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Rear Sets Benefits

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I'm debating whether to install rear sets on my 600cc, but I hear very different opinions on models and benefits. Prices varies wildly from $300 for Vortex to $600++ for Driven. I like the idea of the Sato racing concave foot pegs, designed to collapse in case of crash, a bit like R&G sliders.


I hear the main benefit is to rise the height of foot pegs and avoid dragging on leaning?

What's your experience?





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For me, their main purpose is to adjust ergos. I adjust to get my knee into the most fitting and comfortable place on the tank to get a good lock on the bike. Next would be overall bike feel and boot grip, followed by ground clearance. Depending on the bike, ground clearance moves way up on the list, like a ninja 250, the stockers are just too low to really get some good lean going on. On the flip side, I have no problems with lean/feel/grip on the stock rearsets on my 06 r6. I am also lucky that my knee is dug into the lip fairly well too.


And if you buy some, consider a spare peg or two with your order.

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Rear sets REALLY improve the ergo's on a bike and are worth every penny. They provide a much more stable base for the rider. Not only is the peg more solid but it also has a knurled grip to bite into your boot.


Go as adjustable as you can. I recently equipped my BMW with Woodcraft rear sets only to end up replacing them for the BMW HP rear sets for more adjustment. The adjustment gives you the ability to get the bike dialed in perfectly for your body shape. I have long legs and even at the lowest setting the Woodcrafts were ever so slightly too high.


A couple of photos of the "difference" between the Woodcraft rearset (high quality but not as adjustable) an the BMW HP rearset. The BMW's peg is mounted on an eccentric that can be adjusted any way you please. The Woodcraft uses two sets of holes (high and low) and the peg can be rotated in a limited amount of motion. Notice the holes behind the peg.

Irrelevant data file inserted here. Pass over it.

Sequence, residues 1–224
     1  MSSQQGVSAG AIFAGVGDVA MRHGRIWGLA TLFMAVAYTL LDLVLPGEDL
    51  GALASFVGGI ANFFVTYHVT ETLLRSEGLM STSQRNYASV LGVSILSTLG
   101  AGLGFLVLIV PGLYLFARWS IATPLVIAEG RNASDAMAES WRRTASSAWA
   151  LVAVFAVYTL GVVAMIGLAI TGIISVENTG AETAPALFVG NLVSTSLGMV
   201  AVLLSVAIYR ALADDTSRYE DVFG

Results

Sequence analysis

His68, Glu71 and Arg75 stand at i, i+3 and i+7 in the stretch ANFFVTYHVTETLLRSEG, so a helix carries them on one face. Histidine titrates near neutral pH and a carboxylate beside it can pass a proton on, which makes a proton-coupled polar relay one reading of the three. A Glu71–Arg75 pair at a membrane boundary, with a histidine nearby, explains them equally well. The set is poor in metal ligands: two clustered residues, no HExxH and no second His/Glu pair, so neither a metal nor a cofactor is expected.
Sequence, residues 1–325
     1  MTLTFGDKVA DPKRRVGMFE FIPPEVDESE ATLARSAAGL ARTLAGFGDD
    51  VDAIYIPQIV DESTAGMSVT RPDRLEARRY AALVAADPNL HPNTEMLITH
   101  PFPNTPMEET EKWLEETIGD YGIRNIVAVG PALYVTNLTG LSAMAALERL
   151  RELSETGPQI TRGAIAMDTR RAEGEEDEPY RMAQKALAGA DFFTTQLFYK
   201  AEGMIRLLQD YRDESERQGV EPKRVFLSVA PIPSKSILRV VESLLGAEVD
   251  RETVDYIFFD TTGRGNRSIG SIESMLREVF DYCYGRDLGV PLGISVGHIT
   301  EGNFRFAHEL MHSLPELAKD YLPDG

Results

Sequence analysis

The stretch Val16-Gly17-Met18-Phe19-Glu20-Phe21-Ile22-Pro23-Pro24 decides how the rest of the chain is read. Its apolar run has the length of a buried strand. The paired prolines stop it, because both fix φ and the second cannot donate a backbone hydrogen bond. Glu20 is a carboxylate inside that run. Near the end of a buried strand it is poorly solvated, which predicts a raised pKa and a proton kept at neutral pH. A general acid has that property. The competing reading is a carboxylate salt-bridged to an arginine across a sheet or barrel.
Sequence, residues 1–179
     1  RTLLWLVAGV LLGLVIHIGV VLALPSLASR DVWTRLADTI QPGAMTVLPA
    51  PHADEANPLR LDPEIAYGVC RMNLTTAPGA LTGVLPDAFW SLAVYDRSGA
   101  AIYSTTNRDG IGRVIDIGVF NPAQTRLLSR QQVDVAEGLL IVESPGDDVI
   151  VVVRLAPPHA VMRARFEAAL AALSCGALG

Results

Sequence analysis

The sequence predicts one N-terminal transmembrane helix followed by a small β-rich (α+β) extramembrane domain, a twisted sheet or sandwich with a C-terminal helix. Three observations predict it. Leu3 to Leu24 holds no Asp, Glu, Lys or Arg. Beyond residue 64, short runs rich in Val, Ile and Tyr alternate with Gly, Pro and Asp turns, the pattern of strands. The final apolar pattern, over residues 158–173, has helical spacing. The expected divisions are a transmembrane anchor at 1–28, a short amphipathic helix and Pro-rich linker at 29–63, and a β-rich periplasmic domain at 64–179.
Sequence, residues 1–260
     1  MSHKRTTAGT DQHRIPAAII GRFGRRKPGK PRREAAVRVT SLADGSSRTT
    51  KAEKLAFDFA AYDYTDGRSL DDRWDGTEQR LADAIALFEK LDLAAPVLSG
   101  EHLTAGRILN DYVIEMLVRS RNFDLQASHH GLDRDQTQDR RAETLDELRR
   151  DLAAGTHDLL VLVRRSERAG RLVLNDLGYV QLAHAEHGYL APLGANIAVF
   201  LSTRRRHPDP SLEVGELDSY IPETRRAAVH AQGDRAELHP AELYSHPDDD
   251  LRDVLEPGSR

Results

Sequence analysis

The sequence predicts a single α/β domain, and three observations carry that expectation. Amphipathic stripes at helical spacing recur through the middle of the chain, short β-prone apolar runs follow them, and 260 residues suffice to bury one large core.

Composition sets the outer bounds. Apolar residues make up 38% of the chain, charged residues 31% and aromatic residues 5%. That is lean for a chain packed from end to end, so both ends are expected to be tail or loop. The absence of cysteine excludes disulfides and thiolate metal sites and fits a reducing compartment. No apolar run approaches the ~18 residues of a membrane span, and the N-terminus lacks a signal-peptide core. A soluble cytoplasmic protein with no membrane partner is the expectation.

P.S. I learned another trick for people with long legs. Adjusting the rear sets downward is always great for comfort but often you sacrifice ground clearance at a certain point. Raising the seat gives you a bit more room for your legs. I put a BMW HP race seat on my bike to accomplish this. It not only gives me some extra room for my legs but also is made of a material that grips my leathers better so it feels more stable when I am hanging off. It's also missing the leg cutouts that the stock seat has for a positive feel on the edge.



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I have Attack Performance rearsets on now and the seat is on order. Been on order for some time now.. hmm....


I looked at those rearsets myself. Wish I had chosen them over the Woodcrafts in retrospect. I went with the Woodcraft ones because of the quality and their overwhelming support. They still stock all the parts for the rearsets on my old 1989 model Yamaha.


The seat for me at least is a massive improvement. It's a lot taller and gives a better grip and it looks pretty spiffy too. :)

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  • 4 weeks later...

Certainly I felt much more forward and my entire body raised up in the rear and moved forward in the sort of postion a jocky, downhill racer, or a bicycle racer (I was one) is in upon installation of rearsets. When I installed the Woodcrafts on my S1k I soon felt much more comfortable in terms of being in a racing position. Then I hurt my leg at work and started to get wicked pain in my right leg on the bike. I saw the Attacks on sale four months later and immediatley got them thinking they would solve my problem but then I realized firstly, the strength and quality of the Woodies seemed superior and I also hadn't really given them the full attention they needed to explore the limits of their adjustment for my particular body. Unlike and just the opposite of you Robert, and differently from what we had discussed earlier, I have a long upper body compared to my height at 5'11". I'm going to send the Attacks back for now since I'm in no rush to work this out and the money I save could go towards my racing license school at Penquin in 2015. I think Eric Wood will be able to help me work things out when I see him for my training. No disrepect to Attack. My opinions are based on a very brief examination upon reciept of them, and without removing my Woods. I must say the GP pattern shifing on the Woodcraft is excellent with rarely a false neutral and good, even sometimes with clutchless downshifting. Good rearsets rock even to someone as inexperinced as myself in working with them.

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